Once Upon A Time, There Was A Tavern
Everyone who has ever frequented a bar knows what strange places they can be. They are places where memories and connections are made, and they are places where things happen.
Not everything that happens in a bar is always good. But what if one of those things comes back to haunt you years later?
A Piece Of Nebraska History
The Zoo Bar in Lincoln, Nebraska is a well-known watering hole and has become a piece of local history.
Famed for the many musical acts that have performed at the Zoo Bar, including acts like Bernard Allison, Luther Allison, and Dave Alvin, it is a popular venue among locals and tourists alike.
Under “New” Management
The current owner, Pete Watters, has been working at the Zoo Bar for thirty years already and has owned it for the past 18 years, so few people know it better than he does.
However, even Pete doesn’t know all the history, as he recently found out when an enigmatic envelope arrived in the mail.
While going through the Zoo Bar mail, Pete came across a letter that was addressed simply to “Zoo Bar Owner”. At first, he assumed that it was a letter of complaint, as the bar had received these before.
However, the letter carried a postmark from Omaha. Curious, Pete opened the letter and read the note inside.
Blast From The Past
It was not a letter of complaint. Instead, it was a letter of apology. The note read: “45 years ago I broke the Zoo Bar sign. Here is my restitution.” Along with this mysterious note were five $100 bills.
This was most certainly not what Pete thought would be in the envelope when he opened it.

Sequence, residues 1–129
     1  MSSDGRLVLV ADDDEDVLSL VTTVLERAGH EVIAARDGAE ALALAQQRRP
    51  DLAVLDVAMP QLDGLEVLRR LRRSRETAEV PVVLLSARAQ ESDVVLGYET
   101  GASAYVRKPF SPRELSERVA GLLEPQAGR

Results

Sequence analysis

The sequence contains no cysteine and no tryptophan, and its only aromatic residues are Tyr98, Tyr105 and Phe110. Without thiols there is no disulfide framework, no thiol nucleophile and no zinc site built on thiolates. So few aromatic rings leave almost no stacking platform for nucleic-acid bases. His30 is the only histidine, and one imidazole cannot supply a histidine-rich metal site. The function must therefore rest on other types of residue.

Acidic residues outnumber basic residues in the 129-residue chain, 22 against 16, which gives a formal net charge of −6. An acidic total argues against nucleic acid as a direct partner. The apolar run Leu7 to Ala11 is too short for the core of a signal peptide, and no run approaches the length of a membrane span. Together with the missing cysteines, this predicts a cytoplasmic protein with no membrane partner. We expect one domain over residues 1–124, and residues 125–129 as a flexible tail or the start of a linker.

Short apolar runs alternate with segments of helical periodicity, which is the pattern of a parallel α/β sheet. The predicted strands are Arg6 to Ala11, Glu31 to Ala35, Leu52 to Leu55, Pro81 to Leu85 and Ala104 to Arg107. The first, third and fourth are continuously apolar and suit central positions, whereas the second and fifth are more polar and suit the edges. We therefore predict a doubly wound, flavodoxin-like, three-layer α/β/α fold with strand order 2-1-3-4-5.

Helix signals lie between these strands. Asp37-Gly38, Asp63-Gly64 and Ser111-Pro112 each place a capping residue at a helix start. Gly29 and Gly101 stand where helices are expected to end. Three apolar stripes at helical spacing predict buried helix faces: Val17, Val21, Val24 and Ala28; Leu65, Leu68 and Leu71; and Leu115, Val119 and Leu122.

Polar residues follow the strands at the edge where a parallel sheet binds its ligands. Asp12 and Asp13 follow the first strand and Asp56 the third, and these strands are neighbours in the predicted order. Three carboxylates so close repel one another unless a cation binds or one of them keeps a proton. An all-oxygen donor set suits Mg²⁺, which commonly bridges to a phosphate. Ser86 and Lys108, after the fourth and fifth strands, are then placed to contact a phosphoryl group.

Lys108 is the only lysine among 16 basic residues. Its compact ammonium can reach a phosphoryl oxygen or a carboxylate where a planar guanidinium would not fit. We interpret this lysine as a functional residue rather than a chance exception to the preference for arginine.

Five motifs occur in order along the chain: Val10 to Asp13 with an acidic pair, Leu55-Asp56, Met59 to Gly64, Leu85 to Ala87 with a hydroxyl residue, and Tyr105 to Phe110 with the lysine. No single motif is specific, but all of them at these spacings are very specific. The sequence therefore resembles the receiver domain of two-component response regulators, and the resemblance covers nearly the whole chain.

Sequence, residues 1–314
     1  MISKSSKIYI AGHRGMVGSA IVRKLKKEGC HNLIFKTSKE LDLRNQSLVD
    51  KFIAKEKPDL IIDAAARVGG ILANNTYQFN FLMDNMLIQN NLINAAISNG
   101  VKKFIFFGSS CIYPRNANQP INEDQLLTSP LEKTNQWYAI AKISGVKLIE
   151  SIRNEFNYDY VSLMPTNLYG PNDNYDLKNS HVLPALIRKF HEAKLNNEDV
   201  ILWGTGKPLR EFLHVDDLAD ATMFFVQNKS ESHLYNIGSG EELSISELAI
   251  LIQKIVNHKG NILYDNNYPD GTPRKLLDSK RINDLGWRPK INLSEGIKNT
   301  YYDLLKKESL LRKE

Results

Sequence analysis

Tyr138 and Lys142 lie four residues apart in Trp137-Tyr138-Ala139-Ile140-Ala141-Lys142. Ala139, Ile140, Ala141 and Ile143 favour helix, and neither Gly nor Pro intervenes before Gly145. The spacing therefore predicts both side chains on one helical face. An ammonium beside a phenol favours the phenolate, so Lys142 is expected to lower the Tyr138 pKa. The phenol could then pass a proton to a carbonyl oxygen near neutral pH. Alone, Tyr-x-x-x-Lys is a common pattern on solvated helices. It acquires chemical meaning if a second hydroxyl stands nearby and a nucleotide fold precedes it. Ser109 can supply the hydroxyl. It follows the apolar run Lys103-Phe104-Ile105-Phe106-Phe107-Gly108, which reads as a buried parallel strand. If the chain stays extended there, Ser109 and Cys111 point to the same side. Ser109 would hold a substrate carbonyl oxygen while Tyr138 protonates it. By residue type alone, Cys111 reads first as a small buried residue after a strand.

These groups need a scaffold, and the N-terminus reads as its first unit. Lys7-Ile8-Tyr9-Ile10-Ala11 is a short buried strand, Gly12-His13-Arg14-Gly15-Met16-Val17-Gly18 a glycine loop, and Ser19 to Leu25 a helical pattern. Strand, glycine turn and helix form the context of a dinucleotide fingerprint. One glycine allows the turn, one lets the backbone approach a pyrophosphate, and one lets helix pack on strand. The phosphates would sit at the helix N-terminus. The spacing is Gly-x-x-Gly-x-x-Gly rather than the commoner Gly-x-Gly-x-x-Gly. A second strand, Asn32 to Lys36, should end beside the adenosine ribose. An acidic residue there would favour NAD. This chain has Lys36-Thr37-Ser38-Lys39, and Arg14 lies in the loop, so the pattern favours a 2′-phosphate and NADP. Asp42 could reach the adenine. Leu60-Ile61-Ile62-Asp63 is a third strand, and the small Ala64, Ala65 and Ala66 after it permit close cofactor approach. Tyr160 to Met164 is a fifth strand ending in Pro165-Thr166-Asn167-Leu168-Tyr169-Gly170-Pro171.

Dazed And Confused
Pete did not know what to think. Even though he had been working at the bar for thirty years, he didn’t know about any such incident. “Nothing like this has ever happened that I can remember,” he said while talking to KLKN-TV.
This was not what was on Pete’s mind, however.
The Real Question
Pete couldn’t help wondering who had sent the letter but there was no name or return address on the envelope. For all he knew, the person might still be coming to Zoo Bar.
The biggest question on Pete’s mine, however, was how this person stayed quiet for so long, and what made them send the letter now?
Raise Your Glass
While Pete may never find the answers to these questions, he does know one thing for sure. That people care about the Zoo Bar.
“This has nothing to do with me personally. It’s that they care about the place. It’s humbling that somebody would care enough to do that,” he said.
The final question that remains is how Pete should spend the $500 that he received. While he doesn’t know what he will spend it on yet, he knows that it needs to be something fun.
Whatever it is will immediately become a piece of the Zoo Bar history with its own story to tell.